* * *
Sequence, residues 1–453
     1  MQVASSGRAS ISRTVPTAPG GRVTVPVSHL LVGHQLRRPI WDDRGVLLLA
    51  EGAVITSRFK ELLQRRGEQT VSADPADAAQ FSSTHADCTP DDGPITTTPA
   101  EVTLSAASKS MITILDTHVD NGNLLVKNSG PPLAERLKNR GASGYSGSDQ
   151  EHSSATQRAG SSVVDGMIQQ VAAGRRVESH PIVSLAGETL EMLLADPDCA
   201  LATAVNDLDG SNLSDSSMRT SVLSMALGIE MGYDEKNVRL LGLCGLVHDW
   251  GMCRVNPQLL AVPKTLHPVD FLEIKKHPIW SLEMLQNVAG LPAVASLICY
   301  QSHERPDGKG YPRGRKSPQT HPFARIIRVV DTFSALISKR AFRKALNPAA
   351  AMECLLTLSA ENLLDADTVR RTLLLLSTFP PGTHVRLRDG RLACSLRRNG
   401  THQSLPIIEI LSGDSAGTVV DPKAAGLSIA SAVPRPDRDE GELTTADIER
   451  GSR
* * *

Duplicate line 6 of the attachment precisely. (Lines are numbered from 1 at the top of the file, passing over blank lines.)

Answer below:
   201  LATAVNDLDG SNLSDSSMRT SVLSMALGIE MGYDEKNVRL LGLCGLVHDW